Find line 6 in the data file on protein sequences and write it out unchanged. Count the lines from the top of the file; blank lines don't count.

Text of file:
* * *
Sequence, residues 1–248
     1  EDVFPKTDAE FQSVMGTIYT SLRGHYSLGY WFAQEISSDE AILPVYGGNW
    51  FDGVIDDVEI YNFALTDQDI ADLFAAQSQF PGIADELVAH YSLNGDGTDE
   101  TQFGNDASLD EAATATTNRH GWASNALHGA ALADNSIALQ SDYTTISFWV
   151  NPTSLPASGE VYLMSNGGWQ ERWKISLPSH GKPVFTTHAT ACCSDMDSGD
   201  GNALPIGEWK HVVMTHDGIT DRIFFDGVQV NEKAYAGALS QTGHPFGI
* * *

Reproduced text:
   201  GNALPIGEWK HVVMTHDGIT DRIFFDGVQV NEKAYAGALS QTGHPFGI